Owen Pridden

Owen Pridden

Senior Technical Specialist

As of October 1st of this year, Microsoft will be permanently switching off Basic Authentication on all Microsoft 365 tenants, with the exception of SMTP Auth. Basic Auth is a rarely used method of authentication that poses more security risks than use cases in the present day.

What is Basic Authentication?

To put it simply, it’s an old authentication protocol used when signing into apps and services. Its biggest pitfall is its lack of security as it doesn’t support multi-factor authentication, meaning compromised credentials or brute force attacks pose a much greater risk. Disabling Basic Auth is one of the best things you can do to enhance the security of your organisation. Tenants set up within the last year or so will have Security Defaults enabled by default, which has Basic Authentication blocked out of the box.

How do I know if I'm using it?

If you set up your Microsoft 365 tenant recently and didn’t play with any of the security settings, or if multi-factor authentication has been rolled out across your organisation, then Basic Authentication being switched off most likely will not cause you an issue. Nowadays, apps and services use more advanced and secure protocols such as Modern Authentication by default, even if you don’t use MFA. In fact, chances are that unless you explicitly set up or rely on Basic Authentication for devices or services, this change shouldn’t make a noticeable impact.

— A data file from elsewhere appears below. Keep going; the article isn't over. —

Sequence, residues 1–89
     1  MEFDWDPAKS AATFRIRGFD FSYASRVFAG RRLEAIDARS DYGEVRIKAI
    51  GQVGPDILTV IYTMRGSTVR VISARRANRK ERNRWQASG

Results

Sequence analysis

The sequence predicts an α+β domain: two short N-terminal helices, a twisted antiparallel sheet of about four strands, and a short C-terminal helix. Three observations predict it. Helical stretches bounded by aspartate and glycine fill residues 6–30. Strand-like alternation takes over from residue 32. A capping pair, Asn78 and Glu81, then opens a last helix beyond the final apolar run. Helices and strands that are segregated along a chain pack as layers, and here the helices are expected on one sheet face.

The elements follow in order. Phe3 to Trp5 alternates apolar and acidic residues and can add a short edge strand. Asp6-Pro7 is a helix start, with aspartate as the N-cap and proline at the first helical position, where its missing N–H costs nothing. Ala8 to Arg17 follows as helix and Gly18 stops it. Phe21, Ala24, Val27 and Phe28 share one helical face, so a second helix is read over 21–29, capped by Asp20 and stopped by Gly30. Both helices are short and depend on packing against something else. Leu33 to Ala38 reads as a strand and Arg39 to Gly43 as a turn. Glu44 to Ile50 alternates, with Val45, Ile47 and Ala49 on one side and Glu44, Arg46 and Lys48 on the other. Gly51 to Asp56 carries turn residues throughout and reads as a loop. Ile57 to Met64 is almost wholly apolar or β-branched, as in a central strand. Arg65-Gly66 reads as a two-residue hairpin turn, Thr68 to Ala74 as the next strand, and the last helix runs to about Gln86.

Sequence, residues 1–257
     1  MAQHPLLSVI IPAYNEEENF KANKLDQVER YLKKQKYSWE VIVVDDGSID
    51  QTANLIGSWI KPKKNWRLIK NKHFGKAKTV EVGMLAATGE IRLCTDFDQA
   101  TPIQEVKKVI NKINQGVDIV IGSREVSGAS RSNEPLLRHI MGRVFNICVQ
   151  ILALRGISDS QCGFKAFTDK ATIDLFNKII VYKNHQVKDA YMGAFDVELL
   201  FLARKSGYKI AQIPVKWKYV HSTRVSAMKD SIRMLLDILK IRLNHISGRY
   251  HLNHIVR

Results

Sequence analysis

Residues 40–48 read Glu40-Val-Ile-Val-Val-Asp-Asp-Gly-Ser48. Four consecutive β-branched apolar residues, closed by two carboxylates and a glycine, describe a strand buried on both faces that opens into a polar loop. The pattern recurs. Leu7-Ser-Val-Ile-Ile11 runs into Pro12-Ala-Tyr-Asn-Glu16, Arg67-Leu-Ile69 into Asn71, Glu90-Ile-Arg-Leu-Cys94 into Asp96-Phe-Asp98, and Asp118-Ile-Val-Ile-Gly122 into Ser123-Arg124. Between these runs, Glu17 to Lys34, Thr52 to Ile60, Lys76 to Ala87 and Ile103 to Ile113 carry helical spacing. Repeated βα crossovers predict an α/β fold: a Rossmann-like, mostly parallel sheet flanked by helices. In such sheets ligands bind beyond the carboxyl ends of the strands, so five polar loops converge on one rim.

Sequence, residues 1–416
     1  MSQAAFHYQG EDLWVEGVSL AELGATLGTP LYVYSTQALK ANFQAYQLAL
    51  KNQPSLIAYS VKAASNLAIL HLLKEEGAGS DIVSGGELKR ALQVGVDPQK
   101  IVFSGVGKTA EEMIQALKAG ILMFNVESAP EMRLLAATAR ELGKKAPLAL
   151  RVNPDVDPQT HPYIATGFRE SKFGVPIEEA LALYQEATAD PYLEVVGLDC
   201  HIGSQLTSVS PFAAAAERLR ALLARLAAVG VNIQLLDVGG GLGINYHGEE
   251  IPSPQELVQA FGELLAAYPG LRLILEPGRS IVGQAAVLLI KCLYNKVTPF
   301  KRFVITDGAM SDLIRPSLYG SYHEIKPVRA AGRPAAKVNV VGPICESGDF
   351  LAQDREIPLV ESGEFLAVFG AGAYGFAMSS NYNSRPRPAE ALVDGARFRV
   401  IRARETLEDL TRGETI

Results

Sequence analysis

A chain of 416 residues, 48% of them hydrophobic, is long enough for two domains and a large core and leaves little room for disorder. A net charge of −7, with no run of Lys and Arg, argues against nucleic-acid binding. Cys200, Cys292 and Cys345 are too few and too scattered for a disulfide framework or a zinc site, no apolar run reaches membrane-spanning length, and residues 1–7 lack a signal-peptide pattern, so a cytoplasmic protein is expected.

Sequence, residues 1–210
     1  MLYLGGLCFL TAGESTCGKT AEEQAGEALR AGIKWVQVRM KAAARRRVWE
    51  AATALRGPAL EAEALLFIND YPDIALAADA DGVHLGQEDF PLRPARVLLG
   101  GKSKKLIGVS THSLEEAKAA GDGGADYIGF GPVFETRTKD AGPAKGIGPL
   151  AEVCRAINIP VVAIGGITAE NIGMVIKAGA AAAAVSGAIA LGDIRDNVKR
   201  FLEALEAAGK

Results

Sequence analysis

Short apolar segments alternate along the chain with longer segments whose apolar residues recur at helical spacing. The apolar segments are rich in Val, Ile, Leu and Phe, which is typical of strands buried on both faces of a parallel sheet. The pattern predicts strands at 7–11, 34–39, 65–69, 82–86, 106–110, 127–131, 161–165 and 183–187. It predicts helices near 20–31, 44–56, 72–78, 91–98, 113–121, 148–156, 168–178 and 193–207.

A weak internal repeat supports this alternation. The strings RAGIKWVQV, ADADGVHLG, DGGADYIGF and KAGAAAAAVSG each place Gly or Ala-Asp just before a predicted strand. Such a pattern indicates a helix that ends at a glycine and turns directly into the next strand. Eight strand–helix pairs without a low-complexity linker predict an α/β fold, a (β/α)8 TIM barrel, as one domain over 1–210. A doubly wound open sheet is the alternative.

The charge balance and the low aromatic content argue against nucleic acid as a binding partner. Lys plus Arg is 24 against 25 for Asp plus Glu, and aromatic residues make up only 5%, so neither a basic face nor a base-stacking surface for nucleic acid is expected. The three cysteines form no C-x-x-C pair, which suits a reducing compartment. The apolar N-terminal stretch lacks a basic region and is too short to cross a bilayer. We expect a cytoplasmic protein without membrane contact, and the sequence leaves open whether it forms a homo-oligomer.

For a more granular look at whether you use Basic Authentication, you can check the sign-in logs in Azure and look for any sign-ins which use Basic (Legacy) Auth. As we draw closer to October, Microsoft will begin slowly switching off Basic Authentication in tenants that aren’t using it, and Admins should receive an email from Microsoft, if they haven’t already, informing them of its usage and as to whether it will be switched off prior to October.

What if I need Basic Authentication?

It’s unlikely Microsoft will allow any extensions to keep Basic Auth enabled after October, however if it has been prematurely disabled in your tenant and you still need it, you can choose to opt out and re-enable it. In an update explaining the background behind this change, Microsoft included instructions as to how you can do this, as well as an FAQ for common questions.

Originally published April 20 2022, Updated April 20, 2022

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